My husband, Lee, and I began to take classes in September 1997. Lee was beginning to make progress. But eight months in to the classes he died suddenly. CQI graciously allowed me to continue in the classes, for which I am deeply grateful. So now I am a sophomore and learning much that can be applied to all relationships; especially my relationship with God.
A few weeks ago, one of the ladies in our class was pouring out her heart. She was in a great deal of spiritual pain. As I listened, I realized she was telling my story. I have experienced all the pain and frustration and hopelessness that she was describing. Then the anniversary of Lee’s death caused me to do some intense reflecting. I feel compelled to share with you my reflections.
To the casual bystander, our marriage seemed to be fine. Lee was a pleasant fellow. He was helpful; a server and a teaser. Many people told me how nice they thought he was. One woman even said that it must be easy to be married to him.
Well, there were some very unpleasant moments. We enjoyed traveling together, dining out, and going to movies. I miss having someone with whom to do these things. But those three things were about all we did together.
You see, even though I miss his physical presence in my life, I don’t at all miss the way he treated me. I don’t miss the lack of intimacy, the lack of attention. I don’t miss the inane, shallow, and meaningless conversations. I don’t miss being neglected, rejected, dismissed, overlooked, ridiculed, and forgotten. I don’t miss the utter frustration when, after a heart-wrenching, one-sided conversation in which I thought we had made progress and come to a better understanding, nothing changed. His solution was to buy me off with a new dress or something expensive that we couldn’t afford. Or he would reduce this baring of my soul to a simple “need to vent.” Once I was done, he thought we could go back to business as usual.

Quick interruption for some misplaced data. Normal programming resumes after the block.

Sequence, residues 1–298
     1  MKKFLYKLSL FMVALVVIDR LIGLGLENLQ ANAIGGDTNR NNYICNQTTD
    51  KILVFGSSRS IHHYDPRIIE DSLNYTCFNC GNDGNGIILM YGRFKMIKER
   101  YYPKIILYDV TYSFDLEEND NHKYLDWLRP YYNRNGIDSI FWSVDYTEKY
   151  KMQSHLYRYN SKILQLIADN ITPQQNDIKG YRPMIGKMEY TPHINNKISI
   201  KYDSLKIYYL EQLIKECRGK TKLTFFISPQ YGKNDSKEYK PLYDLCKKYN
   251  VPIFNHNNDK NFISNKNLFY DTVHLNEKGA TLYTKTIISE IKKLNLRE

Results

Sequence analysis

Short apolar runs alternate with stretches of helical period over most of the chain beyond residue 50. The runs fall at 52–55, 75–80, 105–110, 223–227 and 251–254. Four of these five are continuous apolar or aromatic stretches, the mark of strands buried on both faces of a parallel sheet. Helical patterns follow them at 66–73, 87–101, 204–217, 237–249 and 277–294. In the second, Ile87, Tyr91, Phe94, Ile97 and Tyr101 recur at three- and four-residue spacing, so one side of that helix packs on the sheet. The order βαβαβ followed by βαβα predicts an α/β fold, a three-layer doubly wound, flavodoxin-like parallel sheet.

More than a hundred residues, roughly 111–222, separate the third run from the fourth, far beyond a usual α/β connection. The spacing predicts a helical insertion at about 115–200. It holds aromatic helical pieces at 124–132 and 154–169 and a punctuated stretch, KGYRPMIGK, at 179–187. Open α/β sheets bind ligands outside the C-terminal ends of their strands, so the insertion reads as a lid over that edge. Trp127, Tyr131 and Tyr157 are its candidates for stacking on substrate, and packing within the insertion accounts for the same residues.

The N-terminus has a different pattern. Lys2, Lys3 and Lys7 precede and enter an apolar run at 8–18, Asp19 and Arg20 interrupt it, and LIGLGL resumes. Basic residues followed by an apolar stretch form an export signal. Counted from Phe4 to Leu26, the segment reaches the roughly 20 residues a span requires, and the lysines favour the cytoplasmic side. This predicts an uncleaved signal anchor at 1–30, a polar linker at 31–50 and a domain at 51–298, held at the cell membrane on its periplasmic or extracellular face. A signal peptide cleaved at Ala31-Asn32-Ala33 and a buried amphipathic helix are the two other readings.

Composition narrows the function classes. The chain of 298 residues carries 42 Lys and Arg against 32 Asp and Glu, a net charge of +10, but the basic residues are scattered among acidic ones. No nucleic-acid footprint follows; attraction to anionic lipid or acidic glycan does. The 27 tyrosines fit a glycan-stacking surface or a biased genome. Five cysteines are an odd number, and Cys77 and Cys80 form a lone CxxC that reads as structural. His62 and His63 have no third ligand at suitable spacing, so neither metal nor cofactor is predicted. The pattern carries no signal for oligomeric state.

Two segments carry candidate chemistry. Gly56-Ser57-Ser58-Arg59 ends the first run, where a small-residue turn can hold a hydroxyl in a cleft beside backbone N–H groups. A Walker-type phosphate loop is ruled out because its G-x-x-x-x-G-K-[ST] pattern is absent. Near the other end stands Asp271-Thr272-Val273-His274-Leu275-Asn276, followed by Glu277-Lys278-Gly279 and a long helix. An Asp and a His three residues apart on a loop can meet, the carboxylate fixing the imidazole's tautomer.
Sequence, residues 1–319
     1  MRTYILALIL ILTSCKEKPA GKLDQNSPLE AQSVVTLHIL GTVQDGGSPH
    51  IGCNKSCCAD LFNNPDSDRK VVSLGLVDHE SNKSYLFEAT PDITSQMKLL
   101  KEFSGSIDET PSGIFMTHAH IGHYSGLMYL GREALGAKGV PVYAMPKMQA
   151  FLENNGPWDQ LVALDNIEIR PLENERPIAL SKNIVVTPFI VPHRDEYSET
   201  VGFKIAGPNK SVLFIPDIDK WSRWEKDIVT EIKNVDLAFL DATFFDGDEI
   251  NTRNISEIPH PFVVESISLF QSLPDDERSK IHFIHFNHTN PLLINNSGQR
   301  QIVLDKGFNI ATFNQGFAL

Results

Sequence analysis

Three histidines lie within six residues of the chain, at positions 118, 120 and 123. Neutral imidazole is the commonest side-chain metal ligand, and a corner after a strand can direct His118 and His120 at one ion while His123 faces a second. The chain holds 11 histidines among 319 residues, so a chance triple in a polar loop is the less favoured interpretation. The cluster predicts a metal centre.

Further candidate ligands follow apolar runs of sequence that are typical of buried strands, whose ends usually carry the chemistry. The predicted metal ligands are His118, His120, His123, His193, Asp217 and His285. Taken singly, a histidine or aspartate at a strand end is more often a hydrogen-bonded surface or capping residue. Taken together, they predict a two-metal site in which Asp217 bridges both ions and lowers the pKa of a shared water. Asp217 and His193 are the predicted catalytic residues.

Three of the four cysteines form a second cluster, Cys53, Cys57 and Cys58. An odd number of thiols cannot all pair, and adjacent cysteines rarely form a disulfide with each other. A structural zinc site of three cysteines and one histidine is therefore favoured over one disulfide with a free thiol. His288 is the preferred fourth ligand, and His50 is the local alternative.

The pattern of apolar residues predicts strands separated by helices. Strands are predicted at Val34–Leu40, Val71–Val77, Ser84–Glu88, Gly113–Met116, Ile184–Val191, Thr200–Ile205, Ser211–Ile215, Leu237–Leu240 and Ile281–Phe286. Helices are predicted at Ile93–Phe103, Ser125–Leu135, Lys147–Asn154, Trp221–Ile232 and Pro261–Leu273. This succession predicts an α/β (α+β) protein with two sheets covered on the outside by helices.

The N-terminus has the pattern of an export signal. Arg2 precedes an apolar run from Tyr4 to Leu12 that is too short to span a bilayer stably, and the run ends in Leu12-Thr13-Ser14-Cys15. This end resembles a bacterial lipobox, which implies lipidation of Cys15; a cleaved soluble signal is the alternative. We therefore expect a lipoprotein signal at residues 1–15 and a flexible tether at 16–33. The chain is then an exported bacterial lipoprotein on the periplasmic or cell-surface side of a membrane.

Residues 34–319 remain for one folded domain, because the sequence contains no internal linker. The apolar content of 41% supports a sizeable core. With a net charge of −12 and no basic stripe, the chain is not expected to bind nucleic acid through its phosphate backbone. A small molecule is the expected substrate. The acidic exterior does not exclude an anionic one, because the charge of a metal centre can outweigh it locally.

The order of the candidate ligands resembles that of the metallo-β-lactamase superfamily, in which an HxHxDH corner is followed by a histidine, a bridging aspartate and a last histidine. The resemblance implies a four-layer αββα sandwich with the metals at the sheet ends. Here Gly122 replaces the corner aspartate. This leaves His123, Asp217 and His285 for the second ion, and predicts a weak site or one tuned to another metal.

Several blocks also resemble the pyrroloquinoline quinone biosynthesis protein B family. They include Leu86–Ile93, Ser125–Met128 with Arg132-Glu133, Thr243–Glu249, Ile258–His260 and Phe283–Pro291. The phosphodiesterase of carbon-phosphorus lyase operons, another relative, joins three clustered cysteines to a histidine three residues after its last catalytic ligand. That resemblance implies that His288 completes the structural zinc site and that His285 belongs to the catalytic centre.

But you know something? I’m free from all that now! But many of my sisters in Christ are still suffering. My heart cries for them. So I want to pose a question to the men:
Do you want your wives to long for widowhood so they can be free Like me? Or do you want to stop making excuses and stop justifying yourselves and make a decision and a commitment once and for all to just be Christ-like under all circumstances?
So men seem to wonder why their wives don’t have to change. When is she going to be Christ-like, they ask? The answer is simple: You’re the leader. Leaders go first and show the way!
I’m free, but I’m left with a lot of bad memories and feelings that can’t be resolved. My daughter asked me if there was ever a time I was head-over-heals in love with Lee. You know what? I can’t remember. I was so unhappy for so long that I can’t remember how I felt as a new bride.